By: Shaun Powell
TORONTO — He didn’t invent the blessed game of basketball, but was honored anyway on the court during a brief stoppage of play Sunday and felt the warm applause of many inside Air Canada Centre, who paid their respects.
If you’re thinking this is about Kobe Bryant, who’s taking bows here in his 20th and final season, well, yes, in a sense, but not in this instance.
Jim Naismith is the grandson of James Naismith and he took home a few parting gifts from the All-Star Game. One was a basketball signed by players on the East and West squads and handed over by LeBron James.
The other was the confirmation that what his grandfather did many decades ago is still being enjoyed by fans as it continues to go through evolutionary stages, which was fairly evident during the most festive NBA weekend in Canada history.
“Oh, if he could see what has become of the game. He’d be amazed,” said the grandson, who watched from the second row. “The players, the athleticism, the skill, it’s all on such a high level. I think he’d be pleased.”
The first All-Star Weekend north of the border was well received based purely on turnout and turnt-up. It helped that the game itself had a predetermined theme, thanks to the fans who had sympathy for an old man and appreciation for what he has done to Naismith’s creation. They voted Kobe as a starter, and he indeed heard the loudest applause and felt the love from both squads, and wait a minute, DID AARON GORDON REALLY PLUCK A BALL FROM THE SCALP OF A FURRY ANIMAL AND GO UNDER HIS LEGS FOR THAT SLAM?
Sorry. Dunk contest hangover.
It was just bittersweet being out there on the floor with him, knowing that the matches between us two are coming to an end soon.
– LeBron James on sharing the All-Star Game court with Kobe Bryant
Where were we? Yes: Kobe was the clear headliner; right from the jump, and literally at that, the game was tailored to suit him. When Magic Johnson grabbed the mic and said farewell, and a video montage played on the big screen before the start, and West coach Gregg Popovich had Kobe compete in the opening tap against LeBron James, this was designed to be about an 18-time All-Star and four-time All-Star MVP.
“It was just bittersweet being out there on the floor with him,” said LeBron, “knowing that the matches between us two are coming to an end soon.”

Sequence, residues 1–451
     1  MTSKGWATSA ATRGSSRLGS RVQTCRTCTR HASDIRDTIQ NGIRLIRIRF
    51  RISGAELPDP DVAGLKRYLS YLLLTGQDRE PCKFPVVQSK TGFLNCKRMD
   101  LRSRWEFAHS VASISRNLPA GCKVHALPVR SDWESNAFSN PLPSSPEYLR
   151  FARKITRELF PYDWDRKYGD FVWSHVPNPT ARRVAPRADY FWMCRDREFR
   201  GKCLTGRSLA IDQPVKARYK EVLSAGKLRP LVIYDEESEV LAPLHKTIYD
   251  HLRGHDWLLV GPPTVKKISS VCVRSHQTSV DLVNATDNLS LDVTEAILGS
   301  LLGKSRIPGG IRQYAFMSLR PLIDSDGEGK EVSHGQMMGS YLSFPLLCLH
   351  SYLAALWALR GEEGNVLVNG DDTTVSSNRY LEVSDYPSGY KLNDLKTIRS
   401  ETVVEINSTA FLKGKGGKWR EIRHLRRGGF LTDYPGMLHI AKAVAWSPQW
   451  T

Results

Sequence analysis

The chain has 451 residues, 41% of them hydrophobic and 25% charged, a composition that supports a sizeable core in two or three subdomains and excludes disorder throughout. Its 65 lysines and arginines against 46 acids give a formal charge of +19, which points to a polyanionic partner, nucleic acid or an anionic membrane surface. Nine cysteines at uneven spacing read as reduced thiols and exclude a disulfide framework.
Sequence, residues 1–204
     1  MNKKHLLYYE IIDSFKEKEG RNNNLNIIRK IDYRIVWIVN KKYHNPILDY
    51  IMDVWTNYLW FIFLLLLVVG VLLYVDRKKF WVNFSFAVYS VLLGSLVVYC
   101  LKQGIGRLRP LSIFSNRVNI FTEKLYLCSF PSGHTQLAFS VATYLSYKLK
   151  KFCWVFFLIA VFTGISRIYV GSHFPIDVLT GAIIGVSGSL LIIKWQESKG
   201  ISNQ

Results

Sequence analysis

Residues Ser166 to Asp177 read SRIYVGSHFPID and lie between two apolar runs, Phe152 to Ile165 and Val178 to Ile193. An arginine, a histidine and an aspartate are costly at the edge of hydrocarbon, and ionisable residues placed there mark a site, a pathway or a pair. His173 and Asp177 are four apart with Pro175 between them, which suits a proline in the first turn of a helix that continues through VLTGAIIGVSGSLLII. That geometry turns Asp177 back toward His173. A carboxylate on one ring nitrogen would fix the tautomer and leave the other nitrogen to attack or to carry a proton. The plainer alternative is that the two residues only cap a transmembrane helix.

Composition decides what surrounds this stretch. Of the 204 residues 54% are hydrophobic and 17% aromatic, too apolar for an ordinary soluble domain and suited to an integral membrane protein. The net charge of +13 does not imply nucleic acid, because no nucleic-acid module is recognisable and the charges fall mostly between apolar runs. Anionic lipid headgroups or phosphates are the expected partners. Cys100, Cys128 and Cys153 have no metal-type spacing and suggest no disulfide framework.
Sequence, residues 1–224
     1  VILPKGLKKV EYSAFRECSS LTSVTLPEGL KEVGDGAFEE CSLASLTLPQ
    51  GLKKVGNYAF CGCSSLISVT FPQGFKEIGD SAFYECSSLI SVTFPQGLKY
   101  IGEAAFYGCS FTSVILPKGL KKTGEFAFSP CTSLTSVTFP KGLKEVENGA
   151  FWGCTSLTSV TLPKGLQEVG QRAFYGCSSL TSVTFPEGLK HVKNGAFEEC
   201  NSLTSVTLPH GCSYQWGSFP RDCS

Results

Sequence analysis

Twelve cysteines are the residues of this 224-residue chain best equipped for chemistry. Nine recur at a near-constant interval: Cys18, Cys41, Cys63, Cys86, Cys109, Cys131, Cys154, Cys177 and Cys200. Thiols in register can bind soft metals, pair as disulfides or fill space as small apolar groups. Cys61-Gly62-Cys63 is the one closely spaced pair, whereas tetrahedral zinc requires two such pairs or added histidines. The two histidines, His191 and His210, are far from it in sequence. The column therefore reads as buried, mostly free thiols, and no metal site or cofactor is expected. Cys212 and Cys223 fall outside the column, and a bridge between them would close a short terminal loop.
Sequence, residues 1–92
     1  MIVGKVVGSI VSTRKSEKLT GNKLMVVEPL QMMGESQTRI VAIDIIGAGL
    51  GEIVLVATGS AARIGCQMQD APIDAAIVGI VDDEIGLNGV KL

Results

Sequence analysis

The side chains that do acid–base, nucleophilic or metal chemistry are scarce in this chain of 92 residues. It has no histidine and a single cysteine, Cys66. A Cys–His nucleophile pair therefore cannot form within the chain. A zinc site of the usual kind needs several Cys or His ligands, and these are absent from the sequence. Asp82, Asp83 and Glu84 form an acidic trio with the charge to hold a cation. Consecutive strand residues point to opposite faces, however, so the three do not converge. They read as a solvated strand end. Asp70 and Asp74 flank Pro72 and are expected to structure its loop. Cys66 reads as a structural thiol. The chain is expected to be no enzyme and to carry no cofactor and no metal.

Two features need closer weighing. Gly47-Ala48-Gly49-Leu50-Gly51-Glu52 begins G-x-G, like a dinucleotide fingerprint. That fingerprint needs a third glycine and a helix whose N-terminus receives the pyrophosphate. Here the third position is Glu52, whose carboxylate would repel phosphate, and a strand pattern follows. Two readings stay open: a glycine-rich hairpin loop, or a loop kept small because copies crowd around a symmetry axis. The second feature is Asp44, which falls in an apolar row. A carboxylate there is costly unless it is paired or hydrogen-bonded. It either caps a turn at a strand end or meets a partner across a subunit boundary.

The East squad took it easy on Kobe, and on several occasions almost begged him to posterize them. But Kobe is an old 37 with heavy tread and admittedly is done with trying to prove anything to anyone; that tank dried up soon after he realized the obvious and announced his retirement. And so the night was about being playful, taking LeBron’s dare and going one-on-one during a sequence, and throwing lobs, and managing to get up and down the floor without signaling to the bench for a breather.
“I had a blast playing with those guys, laughing and joking on the bench,” he said. “A great, great time.”
The West nearly rolled up 200 points, and in a game that saw his team win 196-173, Kobe scored 10 points and left it to the next generation to handle it from here. Therefore, Russell Westbrook snatched a second consecutive MVP, becoming the first to do so outright. And Paul George, less than two years removed from a horrific broken leg, came one point shy of matching Wilt Chamberlain’s All-Star Game scoring record of 42 points.
“I don’t believe he had surgery, personally,” said LeBron, laughing.
And Steph Curry sent everyone home with a half-court shot in the final seconds, to remind the basketball world of what he and the Warriors are capable of doing. In case anyone forgot.
It was the rare All-Star Game that took a backseat to All-Star Saturday and specifically the most tantalizing dunk contest in years if not ever. After a center, Karl-Anthony Towns, won the skills contest, and Klay Thompson upstaged Curry in the 3-point contest, something more improbably happened. Gordon and defending champ Zach LaVine posted more 10s than you’ll ever see on a model runway.
I had a blast playing with those guys, laughing and joking on the bench. A great, great time.
– Kobe Bryant on his final All-Star Game
“We did some things that nobody else did,” said LaVine.
In some way, Kobe had a role in the basketball life of LaVine and Gordon and Towns and almost everyone who was involved in All-Star Weekend. Most of them grew up on Kobe, or became fixated with him, and certainly learned something from him. As he soaked everything in during the weekend, Kobe said he’s happy to leave the game in good hands.
“As far as the league, when we first came in, the elder statesmen said this younger generation has no idea what they’re doing, they’re going to kill the game,” said Kobe. “When we came in, we were just young kids that wanted to play. It was a new generation, newer culture, but I think where the game ended up, it ended up in a beautiful place. The game is in a beautiful place now.”
It seems that way. Thousands came to honor Kobe and the game itself all weekend, braving sub-zero temperatures that froze the entire city but was powerless against the desire to see basketball. Sometimes All-Star Weekend can be hit-and-miss, and the Saturday events fall flat, and the game endures brutal stretches. But not this weekend. This was one of the better ones.
This was one to savor, because of Gordon and LaVine, and a half-court shot from Curry, and the tributes for Kobe. Absorbing it all first-hand was a man with a very familiar and important last name.
“This is a great game,” said Jim Naismith. “And it keeps getting better.”
A Canadian named James Naismith made it possible for one generation after another to put its unique touch on a game that began with a ball and a peach basket. As we saw over the weekend, his invention was, and remains, a slam dunk.